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How Does Cody Parkey's Performance Compare to Alex Henery's?

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With the first quarter of the 2014 season in the books, how does the Eagles' rookie kicker stack up against his predecessor?

Pat Lovell-USA TODAY Sports

Ever since the Eagles traded undrafted running back David Fluellen to the Indianapolis Colts in exchange for Cody Parkey, the rookie kicker has caught the attention of fans and coaches alike. In just two short weeks, Parkey was able to unseat the incumbent Alex Henery, a former fourth-round draft pick from the Eagles' horrific 2011 draft class, as well as the undrafted kicker Carey "Murderleg" Spear.

After a strong preseason and a game-winning field goal against his former team, Parkey is starting to look like a diamond in the rough. Sure, he did miss an easy 38-yard field goal during week two, but should that be any cause for concern?

To get an idea, let's take a look at how Parkey has done for his first four games and compare those stats to Alex Henery's first four games in 2011, 2012 and 2013. Just for fun, we'll also throw in the stats from David Akers' first four games of his "rookie" year in 2000. Let's see how Parkey matches up against his two predecessors:


FG made FG attempted FG % FG Long Kickoffs Touchbacks Touchback %
Cody Parkey (2014) 8 9 89% 51 25 16 64%
Alex Henery (2013) 8 11 73% 38 22 9 41%
Alex Henery (2012) 8 9 89% 48 19 4 21%
Alex Henery (2011) 7 10 70% 48 22 11 50%
David Akers (2000) 5 5 100% 43 19 1* 5%*

*Prior to the 2011 NFL kickoff rule change, which moved the kickoff spot from the 30 yard line to the 35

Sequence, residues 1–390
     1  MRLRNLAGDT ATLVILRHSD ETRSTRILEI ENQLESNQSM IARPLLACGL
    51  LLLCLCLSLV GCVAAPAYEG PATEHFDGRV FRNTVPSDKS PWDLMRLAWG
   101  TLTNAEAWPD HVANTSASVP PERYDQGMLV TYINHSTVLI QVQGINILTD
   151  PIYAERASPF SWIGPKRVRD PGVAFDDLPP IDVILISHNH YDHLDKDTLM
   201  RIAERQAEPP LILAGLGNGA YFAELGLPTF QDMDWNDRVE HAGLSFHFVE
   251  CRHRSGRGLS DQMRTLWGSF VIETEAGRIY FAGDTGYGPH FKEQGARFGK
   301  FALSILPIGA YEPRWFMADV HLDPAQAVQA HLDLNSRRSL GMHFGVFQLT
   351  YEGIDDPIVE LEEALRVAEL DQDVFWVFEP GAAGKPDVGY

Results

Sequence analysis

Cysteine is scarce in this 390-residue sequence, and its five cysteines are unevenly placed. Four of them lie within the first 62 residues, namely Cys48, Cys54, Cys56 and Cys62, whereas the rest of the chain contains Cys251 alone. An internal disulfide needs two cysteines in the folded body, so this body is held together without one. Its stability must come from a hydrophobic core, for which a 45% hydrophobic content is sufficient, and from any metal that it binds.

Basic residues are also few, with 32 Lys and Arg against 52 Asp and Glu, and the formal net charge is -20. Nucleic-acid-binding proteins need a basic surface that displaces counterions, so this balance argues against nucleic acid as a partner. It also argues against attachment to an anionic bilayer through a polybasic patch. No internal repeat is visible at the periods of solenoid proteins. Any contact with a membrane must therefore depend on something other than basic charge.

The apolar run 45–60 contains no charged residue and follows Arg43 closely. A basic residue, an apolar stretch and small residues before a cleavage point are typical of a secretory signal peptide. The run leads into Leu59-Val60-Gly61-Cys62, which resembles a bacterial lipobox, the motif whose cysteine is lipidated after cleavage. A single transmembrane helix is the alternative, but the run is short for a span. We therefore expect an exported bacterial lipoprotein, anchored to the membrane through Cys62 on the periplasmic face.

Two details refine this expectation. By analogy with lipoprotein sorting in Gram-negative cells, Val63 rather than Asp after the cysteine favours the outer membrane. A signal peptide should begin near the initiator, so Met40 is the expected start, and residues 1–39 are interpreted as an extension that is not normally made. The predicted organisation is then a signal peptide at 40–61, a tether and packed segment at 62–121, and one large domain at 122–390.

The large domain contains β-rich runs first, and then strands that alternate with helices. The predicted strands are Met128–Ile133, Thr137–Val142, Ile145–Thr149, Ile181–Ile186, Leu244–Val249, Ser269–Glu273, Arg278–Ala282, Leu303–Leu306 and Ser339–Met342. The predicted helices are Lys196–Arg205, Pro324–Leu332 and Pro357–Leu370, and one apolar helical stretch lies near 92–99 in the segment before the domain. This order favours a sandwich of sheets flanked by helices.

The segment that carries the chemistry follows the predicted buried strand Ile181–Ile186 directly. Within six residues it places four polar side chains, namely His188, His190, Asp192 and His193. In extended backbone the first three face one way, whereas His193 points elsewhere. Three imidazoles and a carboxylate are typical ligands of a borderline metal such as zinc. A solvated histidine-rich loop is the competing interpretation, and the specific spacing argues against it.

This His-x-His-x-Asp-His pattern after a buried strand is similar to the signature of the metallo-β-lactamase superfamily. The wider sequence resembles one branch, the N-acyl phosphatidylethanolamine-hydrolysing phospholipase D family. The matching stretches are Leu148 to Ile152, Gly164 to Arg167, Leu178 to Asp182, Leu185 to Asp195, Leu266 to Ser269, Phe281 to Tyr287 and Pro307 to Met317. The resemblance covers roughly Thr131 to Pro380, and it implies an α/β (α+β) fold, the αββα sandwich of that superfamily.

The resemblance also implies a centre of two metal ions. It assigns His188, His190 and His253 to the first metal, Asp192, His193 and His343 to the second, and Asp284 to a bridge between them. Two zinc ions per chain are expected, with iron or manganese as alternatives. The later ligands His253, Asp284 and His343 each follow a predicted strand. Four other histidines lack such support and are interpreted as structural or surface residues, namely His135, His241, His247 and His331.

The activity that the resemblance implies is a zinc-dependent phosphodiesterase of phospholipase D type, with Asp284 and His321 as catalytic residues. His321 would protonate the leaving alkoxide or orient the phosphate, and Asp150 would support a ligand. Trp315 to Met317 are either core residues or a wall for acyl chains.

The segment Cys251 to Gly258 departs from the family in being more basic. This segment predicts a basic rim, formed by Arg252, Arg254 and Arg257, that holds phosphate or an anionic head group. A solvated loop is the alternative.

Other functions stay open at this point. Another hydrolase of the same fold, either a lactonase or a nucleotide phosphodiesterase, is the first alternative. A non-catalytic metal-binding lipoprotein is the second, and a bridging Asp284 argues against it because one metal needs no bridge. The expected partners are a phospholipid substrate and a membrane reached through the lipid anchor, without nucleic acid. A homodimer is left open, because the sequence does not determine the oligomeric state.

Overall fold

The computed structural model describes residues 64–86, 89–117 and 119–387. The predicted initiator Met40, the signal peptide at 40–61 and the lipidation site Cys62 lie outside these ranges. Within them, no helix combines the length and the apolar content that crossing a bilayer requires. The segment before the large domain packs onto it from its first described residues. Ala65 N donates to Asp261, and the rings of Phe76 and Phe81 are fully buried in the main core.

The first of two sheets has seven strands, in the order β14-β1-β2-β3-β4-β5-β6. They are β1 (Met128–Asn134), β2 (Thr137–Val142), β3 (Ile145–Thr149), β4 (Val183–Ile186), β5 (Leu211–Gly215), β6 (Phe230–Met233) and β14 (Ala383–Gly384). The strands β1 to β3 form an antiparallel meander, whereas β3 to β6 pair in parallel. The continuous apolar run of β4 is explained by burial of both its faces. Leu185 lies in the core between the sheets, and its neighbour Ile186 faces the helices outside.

Not bad at all. It's clear that Parkey has had a stronger start to his rookie campaign than Henery has had in any of his three years as an Eagle. Parkey's field goal conversion percentage has been as good or better, and he has also matched Henery's career record for the longest field goal (51).

Where Parkey has really excelled has been in the kickoff game, with 16 touchbacks on the year (tied for fourth among NFL kickoff specialists). This should come as no surprise to those who have followed his college career at Auburn, where he led the nation with 69 touchbacks last season. Even when opposing teams attempt to return the ball, they don't have much success. Parkey's deep kicking ability, coupled with a strong kickoff unit performance thanks to the likes of Chris Maragos, have held opposing returners to an average of 20.1 yards (seventh best in the NFL).

Meanwhile, Alex Henery has caught on with the Lions, who recently released rookie Nate Freese after an abysmal performance in which he made only three of seven attempted field goals. Henery is currently one for two on field goals after his first game with the team. He is no longer handling kickoffs, so it remains to be seen if his field goal accuracy is enough to keep him employed.

So, should Parkey's easy miss in week two be any cause for concern? Probably not. For now, it looks like the Eagles have found a solid upgrade to both their field goal unit and their kickoff unit for pennies on the dollar. If Parkey continues his solid performance for the rest of the season, he just might become a key part of the special teams unit for years to come.